Gavin Boyd
Gavin Boyd served 30 years in the RUC GC/PSNI before working as Policing Consultant in Afghanistan and Iraq. He is currently an Associate at Liverpool Centre for Advance Policing at Liverpool John Moores University, UK, and the UK College of Policing. His research focuses on policing intelligence and terrorism, police accountability and criminal justice.

Gordon Marnoch
Gordon Marnoch’s research examines issues in public services, particularly policing and health care. He has written two books and published in numerous journals, including Public Administration, Public Performance Management Review, Policing, Policing & Society and the European Journal of Policing Studies. He has advised several public organizations and a parliamentary committee inquiry. Corresponding author: Gordon Marnoch, gj.marnoch@ulster.ac.uk.

Access_open Experiencing Police Stops in France

Low-Level Tensions, Trust and Citizenship

Keywords ethnic minorities, police stops, procedural justice, France, Citizenship
Authors Jacques de Maillard
AbstractAuthor's information

    Police stops are teachable moments, as they generate information concerning the status of the parties involved and the relationship between them. In France, research has highlighted the concentration of identity checks on young males from ethnic minorities living in urban areas. However, the contents of the interactions during police stops and the consequences of these stops have seldom been explored. On the basis of two research projects (a survey from the French Defender of Rights, and some direct observations of police-public interactions), we analyze here experiences of police stops. Although the behaviour of the police officers is mostly said to be polite, the relaxation of professional standards is, nevertheless, significant, and more accentuated for the young, male and minority populations. We find the roots of a vicious relational circle. The risk of a ‘police stops trap’ is obvious, as reciprocal hostile attitudes feed one another. We argue that targeted police practices undermine trust in the police and feed a more critical conception of citizenship.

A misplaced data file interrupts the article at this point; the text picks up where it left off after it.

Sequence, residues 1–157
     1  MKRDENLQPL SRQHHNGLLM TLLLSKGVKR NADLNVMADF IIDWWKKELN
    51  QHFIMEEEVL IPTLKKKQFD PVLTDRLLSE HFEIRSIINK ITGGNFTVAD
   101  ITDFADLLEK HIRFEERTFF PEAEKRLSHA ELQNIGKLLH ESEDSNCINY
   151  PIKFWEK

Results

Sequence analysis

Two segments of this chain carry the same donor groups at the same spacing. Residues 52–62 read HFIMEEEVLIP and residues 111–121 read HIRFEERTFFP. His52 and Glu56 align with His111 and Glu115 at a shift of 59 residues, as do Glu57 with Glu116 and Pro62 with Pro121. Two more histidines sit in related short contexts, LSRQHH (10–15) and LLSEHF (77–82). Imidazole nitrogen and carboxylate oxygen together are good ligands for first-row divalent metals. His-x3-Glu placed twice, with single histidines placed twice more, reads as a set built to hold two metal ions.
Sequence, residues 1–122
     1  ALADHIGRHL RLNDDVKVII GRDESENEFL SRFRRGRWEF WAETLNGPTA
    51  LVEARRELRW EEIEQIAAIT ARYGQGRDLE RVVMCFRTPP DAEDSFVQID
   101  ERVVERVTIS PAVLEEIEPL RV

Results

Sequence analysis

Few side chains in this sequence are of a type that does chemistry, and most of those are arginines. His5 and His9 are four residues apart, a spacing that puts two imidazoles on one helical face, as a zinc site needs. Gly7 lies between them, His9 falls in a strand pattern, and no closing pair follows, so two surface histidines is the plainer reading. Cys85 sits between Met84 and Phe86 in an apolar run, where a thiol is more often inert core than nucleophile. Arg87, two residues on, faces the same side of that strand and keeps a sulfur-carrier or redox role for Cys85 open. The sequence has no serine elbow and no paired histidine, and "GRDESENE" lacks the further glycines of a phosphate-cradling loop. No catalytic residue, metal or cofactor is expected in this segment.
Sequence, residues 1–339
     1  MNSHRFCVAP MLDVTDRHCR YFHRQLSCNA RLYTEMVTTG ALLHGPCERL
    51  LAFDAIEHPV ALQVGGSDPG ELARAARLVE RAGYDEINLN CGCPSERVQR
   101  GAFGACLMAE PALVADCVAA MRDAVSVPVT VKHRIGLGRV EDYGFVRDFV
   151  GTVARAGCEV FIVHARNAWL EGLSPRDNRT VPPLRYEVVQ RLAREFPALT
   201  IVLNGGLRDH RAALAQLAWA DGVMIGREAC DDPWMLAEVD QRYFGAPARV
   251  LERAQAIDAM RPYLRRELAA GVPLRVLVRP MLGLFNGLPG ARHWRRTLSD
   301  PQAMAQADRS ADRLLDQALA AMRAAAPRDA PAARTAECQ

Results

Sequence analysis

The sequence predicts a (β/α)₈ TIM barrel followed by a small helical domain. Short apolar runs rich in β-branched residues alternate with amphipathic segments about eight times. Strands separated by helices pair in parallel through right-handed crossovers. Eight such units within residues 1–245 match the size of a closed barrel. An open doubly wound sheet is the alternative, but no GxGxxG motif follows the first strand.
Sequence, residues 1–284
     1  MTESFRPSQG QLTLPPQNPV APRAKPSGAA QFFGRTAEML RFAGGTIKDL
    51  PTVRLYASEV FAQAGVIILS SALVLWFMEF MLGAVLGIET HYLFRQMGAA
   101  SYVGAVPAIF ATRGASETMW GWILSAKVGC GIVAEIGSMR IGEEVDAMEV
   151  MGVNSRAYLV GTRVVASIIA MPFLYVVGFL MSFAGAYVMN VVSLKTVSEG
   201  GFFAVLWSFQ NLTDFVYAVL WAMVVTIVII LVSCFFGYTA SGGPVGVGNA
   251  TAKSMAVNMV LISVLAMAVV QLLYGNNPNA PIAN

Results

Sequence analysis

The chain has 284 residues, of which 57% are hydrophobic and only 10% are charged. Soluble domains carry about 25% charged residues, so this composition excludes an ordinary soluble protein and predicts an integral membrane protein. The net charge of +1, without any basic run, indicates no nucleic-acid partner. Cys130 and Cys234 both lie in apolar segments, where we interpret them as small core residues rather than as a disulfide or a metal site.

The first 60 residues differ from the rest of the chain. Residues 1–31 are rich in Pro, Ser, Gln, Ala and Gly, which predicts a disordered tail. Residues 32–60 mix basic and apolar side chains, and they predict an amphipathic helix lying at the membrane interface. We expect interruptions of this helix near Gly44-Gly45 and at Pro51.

Jacques de Maillard
Jacques de Maillard is Professor of political science at University of Versailles-Saint-Quentin (University Paris-Saclay) and director of the Cesdip (Centre for sociological research on law and criminal institutions).

Access_open The Significance of Embodied Learning in Police Education